The death of AmazonFresh in lots of states suggests even the world’s top shipping company can’t crack grocery delivery yet. Undeterred, Postmates has issued a hold-my-beer message to its larger rival: It said yesterday that it’s released an “on-demand farmer’s market” called — wait for it — Fresh. It’s very similar to Amazon’s same-named service, only delivery is supposedly four times faster and costs less money.
In a blog post, Postmates describes it as a “curated” platform that went live Wednesday on its newly revamped app. If the post had been used to play a game of trendy-millennial-food bingo, everybody would’ve won: It brags customers can order “LaCroix, Halo Top, Kombucha, free range chicken, prosciutto, salmon filet, organic apples, avocados,” and hundreds of other “essentials.”
While couriers have been going on Whole Foods and Trader Joe’s runs since day one, Postmates has ultimately let many customers down — sort of misleadingly a ripoff, critics have said, and not particularly speedy. This new service is an attempt to show off improvements for users in New York, San Francisco, and L.A., who’ll now find that they have a dedicated grocery-delivery category on the app.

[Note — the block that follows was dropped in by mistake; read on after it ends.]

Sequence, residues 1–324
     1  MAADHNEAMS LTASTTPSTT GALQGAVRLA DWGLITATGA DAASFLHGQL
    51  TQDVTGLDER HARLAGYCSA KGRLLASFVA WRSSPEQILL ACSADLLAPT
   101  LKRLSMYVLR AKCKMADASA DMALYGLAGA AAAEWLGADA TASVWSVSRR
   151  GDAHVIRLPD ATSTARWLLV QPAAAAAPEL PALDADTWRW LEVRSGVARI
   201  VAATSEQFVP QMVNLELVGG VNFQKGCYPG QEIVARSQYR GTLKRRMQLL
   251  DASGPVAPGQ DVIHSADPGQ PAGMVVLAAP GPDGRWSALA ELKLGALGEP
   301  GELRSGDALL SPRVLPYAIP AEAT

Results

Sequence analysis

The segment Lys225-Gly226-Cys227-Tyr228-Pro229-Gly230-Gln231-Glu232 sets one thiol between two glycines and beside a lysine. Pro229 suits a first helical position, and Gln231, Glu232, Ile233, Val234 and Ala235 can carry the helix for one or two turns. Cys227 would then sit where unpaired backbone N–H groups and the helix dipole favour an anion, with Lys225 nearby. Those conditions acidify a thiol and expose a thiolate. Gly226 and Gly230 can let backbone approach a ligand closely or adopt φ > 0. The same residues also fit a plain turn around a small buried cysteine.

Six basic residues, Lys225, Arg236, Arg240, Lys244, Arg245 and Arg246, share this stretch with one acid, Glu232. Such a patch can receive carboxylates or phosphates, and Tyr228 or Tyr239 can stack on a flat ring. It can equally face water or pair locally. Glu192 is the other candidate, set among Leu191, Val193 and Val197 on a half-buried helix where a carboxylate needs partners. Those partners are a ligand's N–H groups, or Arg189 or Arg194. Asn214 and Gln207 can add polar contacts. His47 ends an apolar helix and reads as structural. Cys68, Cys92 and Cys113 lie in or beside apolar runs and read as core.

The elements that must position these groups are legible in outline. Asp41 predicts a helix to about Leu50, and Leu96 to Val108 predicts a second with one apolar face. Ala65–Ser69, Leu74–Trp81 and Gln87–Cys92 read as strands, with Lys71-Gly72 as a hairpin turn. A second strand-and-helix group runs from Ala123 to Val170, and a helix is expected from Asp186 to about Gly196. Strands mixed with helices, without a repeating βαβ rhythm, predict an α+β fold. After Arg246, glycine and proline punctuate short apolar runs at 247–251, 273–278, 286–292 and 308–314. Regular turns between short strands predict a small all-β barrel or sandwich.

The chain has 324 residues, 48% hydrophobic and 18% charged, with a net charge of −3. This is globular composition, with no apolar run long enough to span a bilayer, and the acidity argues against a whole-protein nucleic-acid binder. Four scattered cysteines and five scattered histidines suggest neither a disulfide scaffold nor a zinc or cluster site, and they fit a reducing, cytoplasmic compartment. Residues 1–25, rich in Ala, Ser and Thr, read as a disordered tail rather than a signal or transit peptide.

It relies on partnerships with independent grocers like New York’s East Village Farm. But the delivery-time guarantee is what’s most ambitious: to your doorstep in an unheard-of 30 minutes. That’s an entire 1.5 hours faster than Amazon or Instacart can manage right now. If that weren’t masochistic enough, Postmates claims it (or rather, its couriers) will do this on the cheap: The delivery fee is described as just $3.99 per order, regardless of whether it’s for a single banana, or 24 grocery bags for a banquet feast. You can also opt for unlimited deliveries for $9.99 a month. (By comparison, AmazonFresh costs $15 each month, on top of your Prime membership.)
How Postmates will do this is left unexplained, but it probably helps right now that there are only about 250 Fresh items you can purchase. Postmates says it plans to add another thousand in the coming months, and expects to expand the service to more cities once it sees how the first three perform.